By Michael Hurley, CBS Boston
BOSTON (CBS) — In Baltimore, trailing 17-0 early, it was a tough spot. In windy and chilly Philly, it wasn’t easy. In an unrelenting downpour against Dallas, life was difficult.READ MORE: Baker Signs Bill Extending Mail-In, Early Voting In Massachusetts
As the Patriots’ offense stumbled through the third quarter of this 2019 season, it was slightly alarming. Still, some of the struggle could easily be explained.
That was, until Sunday night in Houston. In perfect conditions, against a mostly terrible defense, with essentially a full complement of players, the opportunity was there for Tom Brady and Josh McDaniels to get back to being Tom Brady and Josh McDaniels.
Instead, after mounting an impressive opening drive, the offense stalled at the 5-yard line and settled for a field goal. After that, the Patriots’ possessions in the first half ended thusly:
–Gained 6 yards, Interception
–Gained 20 yards, Punt
–Gained 26 yards, Punt
–Gained 30 Yards, Punt
Then the second half began. Here’s what the Patriots did to start the third quarter:
–Lost 1 yard, Punt
–Gained 51 yards, Turnover On Downs
At that point, the Texans led 21-3, and despite an offensive awakening of sorts in the fourth quarter, there was simply no coming back for the Patriots on this night.
Statistically, it looked like an offensive bonanza for Brady and Co. As a team, they gained 448 yards of offense, their second-highest total of the season and their most since Week 1. They ran for 145 yards, which was a season high, and they put up 22 points, their most as an offense since Week 7 at the Jets. Individually, Brady had one of his best games of the season, throwing for 326 yards and three touchdowns with one interception.
Yet aside from some fantasy owners who cashed in with some late points, those stats essentially mean nothing. Anybody who watched the Patriots’ offense stumble through the game when it actually mattered knows that the Patriots’ problems can no longer be written off or explained away. They are very, very real.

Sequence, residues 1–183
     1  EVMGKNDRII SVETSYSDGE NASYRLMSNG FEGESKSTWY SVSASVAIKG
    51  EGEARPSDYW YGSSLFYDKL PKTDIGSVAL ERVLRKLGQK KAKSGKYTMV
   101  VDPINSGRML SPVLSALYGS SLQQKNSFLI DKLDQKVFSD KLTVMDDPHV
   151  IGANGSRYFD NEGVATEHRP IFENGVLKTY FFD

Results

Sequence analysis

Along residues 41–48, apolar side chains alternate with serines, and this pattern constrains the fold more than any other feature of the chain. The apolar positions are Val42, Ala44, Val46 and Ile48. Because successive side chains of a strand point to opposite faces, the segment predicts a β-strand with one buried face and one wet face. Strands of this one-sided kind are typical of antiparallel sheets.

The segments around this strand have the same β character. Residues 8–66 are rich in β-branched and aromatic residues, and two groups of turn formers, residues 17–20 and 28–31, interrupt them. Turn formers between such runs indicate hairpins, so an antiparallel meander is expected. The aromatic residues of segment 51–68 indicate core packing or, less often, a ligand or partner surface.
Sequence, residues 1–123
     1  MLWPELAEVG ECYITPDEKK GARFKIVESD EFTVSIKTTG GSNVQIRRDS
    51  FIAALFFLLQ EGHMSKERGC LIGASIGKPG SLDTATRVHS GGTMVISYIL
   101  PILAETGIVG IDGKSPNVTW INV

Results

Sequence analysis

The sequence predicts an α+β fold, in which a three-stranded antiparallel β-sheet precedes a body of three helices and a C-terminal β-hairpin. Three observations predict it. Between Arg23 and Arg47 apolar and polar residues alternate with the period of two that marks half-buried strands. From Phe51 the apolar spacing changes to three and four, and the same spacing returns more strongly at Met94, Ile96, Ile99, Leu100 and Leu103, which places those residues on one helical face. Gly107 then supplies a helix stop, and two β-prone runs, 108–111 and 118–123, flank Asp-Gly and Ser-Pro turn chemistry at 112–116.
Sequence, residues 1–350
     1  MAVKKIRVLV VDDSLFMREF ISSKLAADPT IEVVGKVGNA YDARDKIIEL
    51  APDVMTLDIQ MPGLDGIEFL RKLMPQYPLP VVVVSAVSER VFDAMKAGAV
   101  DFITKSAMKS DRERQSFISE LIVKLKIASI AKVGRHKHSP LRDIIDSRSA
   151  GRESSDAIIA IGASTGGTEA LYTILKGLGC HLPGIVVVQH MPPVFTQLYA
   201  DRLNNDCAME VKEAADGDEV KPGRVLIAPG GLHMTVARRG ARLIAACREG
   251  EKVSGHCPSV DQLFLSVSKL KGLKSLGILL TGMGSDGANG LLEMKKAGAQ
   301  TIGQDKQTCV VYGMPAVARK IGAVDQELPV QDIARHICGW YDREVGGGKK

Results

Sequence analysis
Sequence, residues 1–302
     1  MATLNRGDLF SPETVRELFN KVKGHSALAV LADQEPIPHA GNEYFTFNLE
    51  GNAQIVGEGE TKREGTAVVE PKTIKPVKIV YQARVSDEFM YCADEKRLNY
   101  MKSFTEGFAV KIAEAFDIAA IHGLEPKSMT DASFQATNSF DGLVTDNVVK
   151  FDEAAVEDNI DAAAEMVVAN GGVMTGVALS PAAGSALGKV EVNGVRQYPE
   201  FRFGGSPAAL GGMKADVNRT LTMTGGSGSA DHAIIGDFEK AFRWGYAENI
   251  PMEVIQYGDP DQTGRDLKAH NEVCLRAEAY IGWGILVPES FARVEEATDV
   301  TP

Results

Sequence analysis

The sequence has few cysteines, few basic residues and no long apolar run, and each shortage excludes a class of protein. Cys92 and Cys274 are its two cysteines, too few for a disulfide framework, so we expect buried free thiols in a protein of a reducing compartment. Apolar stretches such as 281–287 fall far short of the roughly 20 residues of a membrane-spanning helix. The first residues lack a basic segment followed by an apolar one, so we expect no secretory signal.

Remember, heading into this game, the Texans’ defense ranked 25th in the NFL in passing yards allowed. They had the second-worst third-down defense and an equally bad red zone defense, and they carried interception rates and sack rates that ranked among the NFL’s very worst defenses. By almost every statistical measure, the Texans were and are one of the five worst defenses in the NFL.
Through the first 40 or so minutes of Sunday night’s game, you would’ve never known. Bradley Roby picked off a Tom Brady pass late in the first quarter, leading directly to seven points for the home team.
On their next possession, Brady scrambled for 13 yards to convert one third down, but he threw incomplete on the next third down. On their next possession, after moving the sticks twice, the Patriots failed to pick up a Roby blitz up the middle. The defensive back easily sacked Brady to force another Patriots punt.
The Patriots were moving the ball on their final possession of the first half, before hitting a wall at the Houston 39-yard line. With a first-and-10 from the 39 with 41 seconds left in the half, and with one timeout in their back pocket, Brady threw incomplete on three straight plays. Instead of even getting a long field goal attempt, the Patriots had to punt.
It was that kind of night.
“Just execution. Just got to do a better job,” a boilerplate Brady said after the game. “Tough to get behind and come back. Just put ourselves in a pretty deep hole, and you can’t do that on the road.”
Later, Brady was a bit more blunt.READ MORE: Woman In Critical Condition After Being Shot Near Roslindale Pharmacy
“If don’t play good, you don’t win,” he said. “We didn’t deserve it.”
That much is indisputable. The question now is whether or not the Patriots’ offense can pull a repeat of last season, develop a late-season identity, and ride it all the way to a Super Bowl.
If one were to try to answer that question at this moment, the answer would be a resounding no. To be fair, though, if one were to have been asked that same question last year after a grisly loss in Pittsburgh in which they scored just 10 points to drop to 9-5, just days before losing one of their best receivers to a suspension? The answer, likewise, would have been no.